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Deleting a node in beginning printf("Deleting from beginning\n"); if (head != NULL) { p = head; head = head->next; free(p); } /*Empty list: i.e. head==NULL, do nothing*/ print_list(head); /*Display the data in the list*/

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Deleting a node at end printf("Deleting from end\n"); if (head != NULL) { p = head; while (p->next != NULL) { q = p; p = p->next; } q->next = NULL; free(p); } print_list(head); /*Display the data in the list*/

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Deleting a node at location Deleting after an element printf("Deleting after\n"); scanf("%d", &a); p = head; while ((p != NULL) && (p->data != a)) p = p->next; if (p != NULL) { q = p->next; if (q != NULL) { p->next = q->next; free(q); } print_list(head); /*Display the data in the list*/

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Algorithm: Push in stack

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Algorithm: Pop in stack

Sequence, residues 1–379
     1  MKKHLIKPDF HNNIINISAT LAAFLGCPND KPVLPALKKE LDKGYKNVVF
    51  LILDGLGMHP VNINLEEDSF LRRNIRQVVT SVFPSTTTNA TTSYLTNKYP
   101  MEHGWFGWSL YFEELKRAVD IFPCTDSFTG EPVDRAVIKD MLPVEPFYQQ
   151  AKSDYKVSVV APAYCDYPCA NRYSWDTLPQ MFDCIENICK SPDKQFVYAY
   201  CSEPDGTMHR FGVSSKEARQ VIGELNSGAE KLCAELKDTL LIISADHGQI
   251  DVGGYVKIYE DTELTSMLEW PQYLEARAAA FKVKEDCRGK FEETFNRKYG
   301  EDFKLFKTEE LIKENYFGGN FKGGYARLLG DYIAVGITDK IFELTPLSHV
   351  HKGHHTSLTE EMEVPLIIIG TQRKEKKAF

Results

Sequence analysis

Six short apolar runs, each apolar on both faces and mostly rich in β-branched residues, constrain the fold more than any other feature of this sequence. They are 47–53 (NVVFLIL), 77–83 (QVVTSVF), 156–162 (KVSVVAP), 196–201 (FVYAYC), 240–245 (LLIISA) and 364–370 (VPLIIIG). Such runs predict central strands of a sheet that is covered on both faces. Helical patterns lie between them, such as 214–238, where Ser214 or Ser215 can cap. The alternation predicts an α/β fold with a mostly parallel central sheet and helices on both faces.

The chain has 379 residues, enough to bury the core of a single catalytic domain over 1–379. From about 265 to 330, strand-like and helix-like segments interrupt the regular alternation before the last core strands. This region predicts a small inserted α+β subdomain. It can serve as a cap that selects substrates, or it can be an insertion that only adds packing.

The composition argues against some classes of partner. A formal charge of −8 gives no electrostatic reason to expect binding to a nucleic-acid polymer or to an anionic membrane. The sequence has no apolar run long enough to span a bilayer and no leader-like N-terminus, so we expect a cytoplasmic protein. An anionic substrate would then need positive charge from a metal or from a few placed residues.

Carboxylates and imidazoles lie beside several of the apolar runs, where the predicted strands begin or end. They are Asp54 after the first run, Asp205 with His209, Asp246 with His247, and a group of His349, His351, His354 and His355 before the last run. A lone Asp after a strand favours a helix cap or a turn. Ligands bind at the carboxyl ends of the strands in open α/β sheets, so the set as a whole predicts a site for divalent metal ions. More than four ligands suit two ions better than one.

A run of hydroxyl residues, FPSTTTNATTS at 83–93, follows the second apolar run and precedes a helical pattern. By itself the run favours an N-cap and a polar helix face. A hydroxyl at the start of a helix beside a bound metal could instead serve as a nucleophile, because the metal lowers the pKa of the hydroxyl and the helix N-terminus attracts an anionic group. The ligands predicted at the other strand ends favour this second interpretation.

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Circular link list insert at beginning node * insertfirst(node*start) { node*p p=(node*)malloc(sizeof(node)); printf(“enter the no.”); scanf(“%d”,&p->num); if(start==null) { p->next=p; start=p; last=p; } else { p->next=start; start=p; last->next=p; }

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Circular link list insert at last node * insertlast(node*start) { node*p p=(node*)malloc(sizeof(node)); printf(“enter the no.”); scanf(“%d”,&p->num); if(start==null) { p->next=p; start=p; last=p; } else { last->next=p; last=p; last->next=start; } return(start); }

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Circular link list delete at begin node *delete_first(node*start) { node*p p=start; if(p==null) { printf(“list empty”); } else { p=start; start=start->next; last->next=p; printf(“element deleted id=%d”, p->num); free(p); } return(start); }

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Circular link list delete at last node *delete_last(node*start) { node*p,*q; p=start; if(p==null) { printf(“list empty”); } else { while(p->next!=last) { q=p; p=p->next; } printf(“element deleted id=%d”, p->num); q->next=p->next; last=q; } return(start); }